Facebook Joins 20 Others Taking France To Court

Facebook and 20 other companies are filing a complaint to France's highest court challenging a decree requiring them to retain web users' personal data for a year.

Facebook and 20 other companies are filing a complaint to France’s highest court challenging a decree requiring them to retain web users’ personal data for a year.

No, you didn’t misread that: The decree published barely a month ago requires companies to retain user data for a year, according to AFP.

This rule requires all websites engaged in commerce, along with music or video sharing destinations and even email services, to keep a a set of data about customers for possible subpoena by police or officials of tax, customs, or social security authorities.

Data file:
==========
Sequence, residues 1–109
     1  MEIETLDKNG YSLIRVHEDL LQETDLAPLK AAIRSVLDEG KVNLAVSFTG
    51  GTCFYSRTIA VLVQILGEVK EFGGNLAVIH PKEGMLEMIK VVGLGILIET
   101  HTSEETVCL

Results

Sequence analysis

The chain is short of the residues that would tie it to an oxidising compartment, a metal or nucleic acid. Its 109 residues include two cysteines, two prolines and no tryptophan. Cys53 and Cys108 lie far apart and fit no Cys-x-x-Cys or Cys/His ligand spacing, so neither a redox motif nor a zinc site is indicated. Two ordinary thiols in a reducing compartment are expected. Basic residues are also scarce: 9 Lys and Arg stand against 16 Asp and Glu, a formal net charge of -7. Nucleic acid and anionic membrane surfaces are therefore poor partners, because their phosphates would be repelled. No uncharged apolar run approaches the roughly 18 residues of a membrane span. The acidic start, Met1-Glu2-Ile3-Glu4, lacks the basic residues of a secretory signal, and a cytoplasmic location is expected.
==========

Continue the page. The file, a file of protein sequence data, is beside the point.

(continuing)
The data to be archived includes users’ full names, possible pseudonyms, postal addresses, email, telephone numbers, passwords and what amounts to the answers to security questions created for account recovery and modification.

“Several elements are problematic,” the head of the French Association of Internet Community Services, Benoit Tabaka, told reporters including AFP this morning. “For instance, there was no consultation with the European Commission. This is a shocking measure, this obligation to keep passwords and hand them over to police services.”

Thus Internet companies that do business in France are indeed filing a complaint about this new rule. The complaining parties include Google and eBay in addition to Facebook.

France’s rule seems like an inversion of the trend in privacy policy happening everywhere else in the world. Most other governments, including the U.S., want web companies to disclose the use of data to consumers and offer the ability to opt-out of data collection.

Readers, what do you think about France’s decree and the likelihood that it might get overturned in court?